Annie B. also learned what happens on the west side to someone who needs to sober up. It was common enough for someone to threaten jokingly to do like the police and take your drunk ass for a starlight tour, drive you out of town a few miles and drop you off, make you walk home. Many winter nights it was forty below or colder under the starlight. Annie B. listened every morning to the radio announcer report in his daffy voice that on this day exposed skin will freeze in a minute, twenty seconds, freeze in fifteen seconds, what’s the difference as you eat your morning cereal and prepare to go to school if outside it’s still black and cold enough to die?

For two years, Annie B.’s mother switched apartment after apartment trying to find a place that didn’t share a wall with five or more shiftless bachelors. But every time they moved, the apartment was more cramped and stained, and the neighbours were feistier and more at large. When they lived in the ground-floor suite on Avenue P, there were white-painted steel bars over all the windows in all the rooms, her mother slept on the couch so Annie B. could have her own bedroom, and it was embarrassing every time her mother shrieked down the hall at the tenants who blared metal music at all hours. She called the cops on the boys who openly drugged themselves in the staircase. And invariably worse than any of the neighbours was the landlord himself. He sat on the stoop and was unashamed to grab and squeeze his joint whenever he saw a woman. She scolded Annie for every polite word, a hello or goodbye. Uhngh, Mom. Annie B. insisted they were gross, none of them were her type.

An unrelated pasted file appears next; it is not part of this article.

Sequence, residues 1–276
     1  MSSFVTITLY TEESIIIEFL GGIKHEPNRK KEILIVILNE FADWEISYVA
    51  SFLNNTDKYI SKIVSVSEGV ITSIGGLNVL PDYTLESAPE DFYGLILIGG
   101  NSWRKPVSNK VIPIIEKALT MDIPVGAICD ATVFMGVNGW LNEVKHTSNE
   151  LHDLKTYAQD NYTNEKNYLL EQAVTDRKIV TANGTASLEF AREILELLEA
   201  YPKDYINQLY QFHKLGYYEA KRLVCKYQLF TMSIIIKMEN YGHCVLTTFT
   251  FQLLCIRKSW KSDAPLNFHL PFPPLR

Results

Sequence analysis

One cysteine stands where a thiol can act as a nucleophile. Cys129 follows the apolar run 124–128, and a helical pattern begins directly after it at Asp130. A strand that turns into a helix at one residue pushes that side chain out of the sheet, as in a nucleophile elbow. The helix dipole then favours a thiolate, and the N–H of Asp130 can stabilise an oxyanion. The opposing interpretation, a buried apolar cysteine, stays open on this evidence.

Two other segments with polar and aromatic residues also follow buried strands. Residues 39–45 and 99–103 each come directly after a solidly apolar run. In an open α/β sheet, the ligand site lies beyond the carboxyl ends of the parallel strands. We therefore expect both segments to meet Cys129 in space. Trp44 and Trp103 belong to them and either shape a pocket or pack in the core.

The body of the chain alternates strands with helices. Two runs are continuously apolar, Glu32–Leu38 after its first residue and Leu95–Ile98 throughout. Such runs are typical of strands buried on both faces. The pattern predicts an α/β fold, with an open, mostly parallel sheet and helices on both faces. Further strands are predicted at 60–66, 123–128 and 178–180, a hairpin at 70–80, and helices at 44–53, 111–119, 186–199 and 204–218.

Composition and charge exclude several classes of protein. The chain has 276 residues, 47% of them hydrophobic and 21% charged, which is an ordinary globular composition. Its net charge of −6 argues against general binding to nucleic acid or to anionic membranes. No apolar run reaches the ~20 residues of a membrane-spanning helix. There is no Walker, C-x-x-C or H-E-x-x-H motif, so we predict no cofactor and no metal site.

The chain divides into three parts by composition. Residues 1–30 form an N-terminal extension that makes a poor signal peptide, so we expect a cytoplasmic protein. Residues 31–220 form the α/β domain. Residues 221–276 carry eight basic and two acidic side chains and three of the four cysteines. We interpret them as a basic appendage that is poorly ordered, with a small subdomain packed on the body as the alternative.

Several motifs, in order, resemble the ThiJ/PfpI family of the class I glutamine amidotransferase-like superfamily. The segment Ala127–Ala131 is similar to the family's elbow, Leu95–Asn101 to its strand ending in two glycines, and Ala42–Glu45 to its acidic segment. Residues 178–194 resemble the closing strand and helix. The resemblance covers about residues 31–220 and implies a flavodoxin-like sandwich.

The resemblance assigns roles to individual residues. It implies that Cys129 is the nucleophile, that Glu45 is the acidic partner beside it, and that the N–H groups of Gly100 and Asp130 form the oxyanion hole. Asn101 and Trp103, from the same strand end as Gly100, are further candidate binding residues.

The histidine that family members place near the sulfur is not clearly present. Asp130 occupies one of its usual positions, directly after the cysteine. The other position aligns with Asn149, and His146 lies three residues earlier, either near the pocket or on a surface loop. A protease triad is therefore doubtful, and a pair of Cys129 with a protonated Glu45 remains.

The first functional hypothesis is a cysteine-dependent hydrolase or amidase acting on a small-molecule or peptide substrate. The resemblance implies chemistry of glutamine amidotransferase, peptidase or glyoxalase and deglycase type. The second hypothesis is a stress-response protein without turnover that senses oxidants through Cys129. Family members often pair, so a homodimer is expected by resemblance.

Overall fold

She was young enough to be under the impression that if she said something out loud, that’s how she really felt. And so no matter how many free vodkas and acid tabs they gave her, these upstairs bachelors weren’t what she had her heart set on. Didn’t matter if she watched movies with them. Same apartment layout as hers, but mirrored, and a staggering mess. Three of them living in a one-bedroom. She couldn’t imagine herself dating a dropout who chopped up stolen bikes in his apartment and resold them, or an acid dealer, or a grindcore drunk, no way. But their lewd comments shocked her, and made her feel attractive, despite the better judgment she supposed herself to have. So without her mother’s consent, she started sleeping with a seventeen-year-old dropout bachelor, a part-time gas jockey and group home alumnus who shared an apartment upstairs with his older brother and best friend.

He was into horror movies. Annie B. lost her virginity while watching a VHS dub of Claudio Brook rising naked from a crypt full of blood in Juan López Moctezuma’s Alucarda. She didn’t consider herself his girlfriend. He already had those. He was her secret, he was cool with secrets. She skipped algebra and lay on his bed foam and watched his movie collection stack up to fill the whole room. They watched slasher movies every day and all the ’60s counterculture they could find. Obscurer the better, unless they were notorious doozies distributed by Media Home Entertainment or Interglobal Home Video, like Castle of the Walking Dead and The Asphyx. He hunted down Thriller Video movies, chunky-cased VHS Star Classics like The People Who Own the Dark, rare Wizard Video titles (Headless Eyes; I Spit on Your Grave), Paragon (Blood on Satan’s Claw), Magnum Entertainment, Midnight Video/Select-a-Tape (Bloodthirsty Butchers; Torture Dungeon; The Rats Are Coming! The Werewolves Are Here!).